£250,000 to tackle sea squirts at Holyhead marina

Sea squirt The Welsh government is paying for the work to be carried out

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More than £250,000 is being spent to eradicate an invasive creature known as a sea squirt at a marina.

It is believed to have first arrived at Holyhead, Anglesey, on the hull of a boat, as it comes from Japan and is established in parts of Ireland.

The creature has been found on floating pontoons and mooring chains and buoys in the harbour since 2009.

The Countryside Council for Wales (CCW) said that if left unchecked it could threaten mussels in the Menai Strait.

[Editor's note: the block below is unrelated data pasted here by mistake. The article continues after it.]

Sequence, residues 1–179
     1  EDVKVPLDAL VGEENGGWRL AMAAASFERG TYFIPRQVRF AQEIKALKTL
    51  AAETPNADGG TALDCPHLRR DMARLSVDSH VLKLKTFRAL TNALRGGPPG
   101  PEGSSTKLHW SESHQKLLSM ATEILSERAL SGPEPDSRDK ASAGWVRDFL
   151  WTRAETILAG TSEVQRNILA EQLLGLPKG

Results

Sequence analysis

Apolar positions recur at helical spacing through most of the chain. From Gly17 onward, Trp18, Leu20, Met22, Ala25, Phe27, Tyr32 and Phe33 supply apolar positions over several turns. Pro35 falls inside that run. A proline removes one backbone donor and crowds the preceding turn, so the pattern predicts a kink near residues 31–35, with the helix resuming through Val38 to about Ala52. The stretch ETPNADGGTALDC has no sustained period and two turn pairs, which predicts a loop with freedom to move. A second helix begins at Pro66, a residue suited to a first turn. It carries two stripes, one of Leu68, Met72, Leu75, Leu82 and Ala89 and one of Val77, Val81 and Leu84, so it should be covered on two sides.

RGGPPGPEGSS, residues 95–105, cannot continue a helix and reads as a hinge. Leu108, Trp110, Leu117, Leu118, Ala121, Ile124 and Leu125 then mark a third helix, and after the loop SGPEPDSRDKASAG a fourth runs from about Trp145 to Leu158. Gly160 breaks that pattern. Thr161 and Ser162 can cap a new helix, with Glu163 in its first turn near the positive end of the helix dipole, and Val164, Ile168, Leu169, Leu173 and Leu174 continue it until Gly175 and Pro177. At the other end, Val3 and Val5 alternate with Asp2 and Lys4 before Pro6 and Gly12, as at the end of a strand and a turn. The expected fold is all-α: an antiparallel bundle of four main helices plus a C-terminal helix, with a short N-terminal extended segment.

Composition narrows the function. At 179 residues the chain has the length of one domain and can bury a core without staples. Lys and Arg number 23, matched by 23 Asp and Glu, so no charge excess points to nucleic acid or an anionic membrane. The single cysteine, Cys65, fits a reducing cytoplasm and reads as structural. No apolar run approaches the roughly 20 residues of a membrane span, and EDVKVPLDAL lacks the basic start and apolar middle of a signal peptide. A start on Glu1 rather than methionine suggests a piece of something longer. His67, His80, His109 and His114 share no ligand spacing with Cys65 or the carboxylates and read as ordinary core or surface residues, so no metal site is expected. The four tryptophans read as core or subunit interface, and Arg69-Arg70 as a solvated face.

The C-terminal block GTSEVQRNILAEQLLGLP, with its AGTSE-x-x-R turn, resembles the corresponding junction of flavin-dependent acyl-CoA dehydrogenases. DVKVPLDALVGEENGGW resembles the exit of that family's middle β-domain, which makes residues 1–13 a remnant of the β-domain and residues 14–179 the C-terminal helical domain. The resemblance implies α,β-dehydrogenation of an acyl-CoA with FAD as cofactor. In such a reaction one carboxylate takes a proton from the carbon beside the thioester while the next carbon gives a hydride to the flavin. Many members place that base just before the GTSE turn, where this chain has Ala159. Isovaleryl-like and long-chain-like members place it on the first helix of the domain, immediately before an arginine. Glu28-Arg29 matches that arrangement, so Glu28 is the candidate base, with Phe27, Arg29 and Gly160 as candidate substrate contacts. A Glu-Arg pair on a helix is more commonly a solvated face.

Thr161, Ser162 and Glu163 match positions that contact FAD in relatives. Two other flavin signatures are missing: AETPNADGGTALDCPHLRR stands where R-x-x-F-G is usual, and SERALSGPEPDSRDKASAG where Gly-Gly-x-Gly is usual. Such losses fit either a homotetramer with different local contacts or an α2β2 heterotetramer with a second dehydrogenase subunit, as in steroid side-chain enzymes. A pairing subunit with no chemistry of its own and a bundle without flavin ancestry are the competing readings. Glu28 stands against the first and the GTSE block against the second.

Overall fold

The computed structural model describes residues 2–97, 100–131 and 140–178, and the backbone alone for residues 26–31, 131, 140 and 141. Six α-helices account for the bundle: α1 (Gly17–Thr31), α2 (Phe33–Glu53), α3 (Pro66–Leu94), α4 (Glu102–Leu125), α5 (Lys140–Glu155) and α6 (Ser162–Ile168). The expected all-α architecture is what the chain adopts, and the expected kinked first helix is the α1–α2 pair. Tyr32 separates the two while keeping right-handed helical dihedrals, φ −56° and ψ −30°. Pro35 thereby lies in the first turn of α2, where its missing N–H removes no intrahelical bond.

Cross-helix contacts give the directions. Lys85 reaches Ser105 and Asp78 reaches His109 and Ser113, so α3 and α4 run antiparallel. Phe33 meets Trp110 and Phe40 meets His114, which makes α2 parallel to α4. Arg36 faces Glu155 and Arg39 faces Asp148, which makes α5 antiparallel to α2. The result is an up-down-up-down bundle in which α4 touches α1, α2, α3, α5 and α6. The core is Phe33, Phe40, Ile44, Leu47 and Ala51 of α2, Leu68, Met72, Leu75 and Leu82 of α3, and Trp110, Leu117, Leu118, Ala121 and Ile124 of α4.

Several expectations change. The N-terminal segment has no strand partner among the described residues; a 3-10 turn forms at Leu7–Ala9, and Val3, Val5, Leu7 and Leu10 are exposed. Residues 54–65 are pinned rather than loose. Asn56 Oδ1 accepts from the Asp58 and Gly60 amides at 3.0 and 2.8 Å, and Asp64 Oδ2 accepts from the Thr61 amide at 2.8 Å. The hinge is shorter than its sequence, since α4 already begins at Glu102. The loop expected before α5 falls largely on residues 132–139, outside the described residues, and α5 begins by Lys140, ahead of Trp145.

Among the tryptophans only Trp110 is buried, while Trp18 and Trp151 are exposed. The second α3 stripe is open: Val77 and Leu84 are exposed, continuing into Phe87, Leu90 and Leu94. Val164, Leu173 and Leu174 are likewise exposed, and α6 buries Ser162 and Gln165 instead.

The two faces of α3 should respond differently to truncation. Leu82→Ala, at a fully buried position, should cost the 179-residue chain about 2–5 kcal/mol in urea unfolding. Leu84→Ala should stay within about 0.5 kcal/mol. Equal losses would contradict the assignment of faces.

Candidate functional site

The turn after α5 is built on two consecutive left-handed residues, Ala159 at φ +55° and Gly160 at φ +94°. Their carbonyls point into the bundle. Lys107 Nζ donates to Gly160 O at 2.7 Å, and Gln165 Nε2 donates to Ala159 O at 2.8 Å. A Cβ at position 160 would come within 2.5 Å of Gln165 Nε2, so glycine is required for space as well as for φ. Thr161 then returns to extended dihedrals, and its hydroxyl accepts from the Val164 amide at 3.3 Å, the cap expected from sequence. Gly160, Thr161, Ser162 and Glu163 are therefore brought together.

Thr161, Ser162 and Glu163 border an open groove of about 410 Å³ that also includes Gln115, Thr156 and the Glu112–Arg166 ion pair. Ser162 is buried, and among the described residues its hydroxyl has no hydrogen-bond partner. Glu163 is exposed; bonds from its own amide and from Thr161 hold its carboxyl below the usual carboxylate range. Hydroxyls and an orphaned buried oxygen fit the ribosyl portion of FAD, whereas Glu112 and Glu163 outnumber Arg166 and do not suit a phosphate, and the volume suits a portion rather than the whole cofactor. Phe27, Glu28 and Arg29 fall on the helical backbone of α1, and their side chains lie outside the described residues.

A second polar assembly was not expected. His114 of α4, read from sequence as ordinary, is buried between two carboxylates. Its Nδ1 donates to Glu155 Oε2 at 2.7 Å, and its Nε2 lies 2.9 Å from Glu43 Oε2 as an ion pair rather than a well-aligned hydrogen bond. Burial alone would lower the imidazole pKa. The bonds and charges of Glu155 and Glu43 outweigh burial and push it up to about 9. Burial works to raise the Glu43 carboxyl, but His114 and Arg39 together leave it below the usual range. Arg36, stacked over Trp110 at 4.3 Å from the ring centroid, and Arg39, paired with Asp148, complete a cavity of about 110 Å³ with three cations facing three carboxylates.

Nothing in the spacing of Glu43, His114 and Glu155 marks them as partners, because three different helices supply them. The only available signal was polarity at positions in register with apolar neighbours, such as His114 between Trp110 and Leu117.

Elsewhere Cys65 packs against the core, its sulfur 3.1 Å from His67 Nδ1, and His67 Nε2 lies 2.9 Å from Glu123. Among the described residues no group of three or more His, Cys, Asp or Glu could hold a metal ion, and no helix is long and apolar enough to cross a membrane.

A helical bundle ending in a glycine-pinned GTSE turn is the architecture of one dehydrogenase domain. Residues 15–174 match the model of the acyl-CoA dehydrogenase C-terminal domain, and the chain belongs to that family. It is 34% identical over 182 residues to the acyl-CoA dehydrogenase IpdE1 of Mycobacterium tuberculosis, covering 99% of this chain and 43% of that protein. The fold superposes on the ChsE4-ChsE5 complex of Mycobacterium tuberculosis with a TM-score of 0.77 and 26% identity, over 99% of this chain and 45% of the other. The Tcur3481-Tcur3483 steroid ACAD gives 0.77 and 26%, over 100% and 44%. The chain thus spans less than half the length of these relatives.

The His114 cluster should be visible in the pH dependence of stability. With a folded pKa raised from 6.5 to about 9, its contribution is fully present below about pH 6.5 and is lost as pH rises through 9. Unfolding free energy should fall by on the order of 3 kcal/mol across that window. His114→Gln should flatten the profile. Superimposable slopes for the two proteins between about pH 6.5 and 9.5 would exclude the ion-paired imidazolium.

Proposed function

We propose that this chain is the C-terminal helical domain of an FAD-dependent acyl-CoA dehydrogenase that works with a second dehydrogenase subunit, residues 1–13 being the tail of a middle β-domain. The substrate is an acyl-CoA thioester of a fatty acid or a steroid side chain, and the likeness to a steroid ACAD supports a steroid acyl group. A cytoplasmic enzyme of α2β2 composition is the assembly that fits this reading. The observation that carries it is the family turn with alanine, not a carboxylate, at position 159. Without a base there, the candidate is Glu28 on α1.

A pilot project was held in 2009 to try to eradicate the sea squirts, which are otherwise known as didemnum vexillim.


Now, the CCW's marine staff will start work before sea temperatures increase and the creatures start to breed to try to eradicate them once and for all.

The work involves fixing bags around underwater structures.

Diver tackles sea squirt problem A diver tackles the sea squirt problem by attaching bags around underwater structures

By stopping clean flows of water from reaching the sea squirts, they suffocate and die.

The project received the go-ahead after the Welsh government agreed to pay for the work, costing £250,000.

A spokesperson for Holyhead Marina said the creature was a concern to the natural environment and that it did not pose it any problems.

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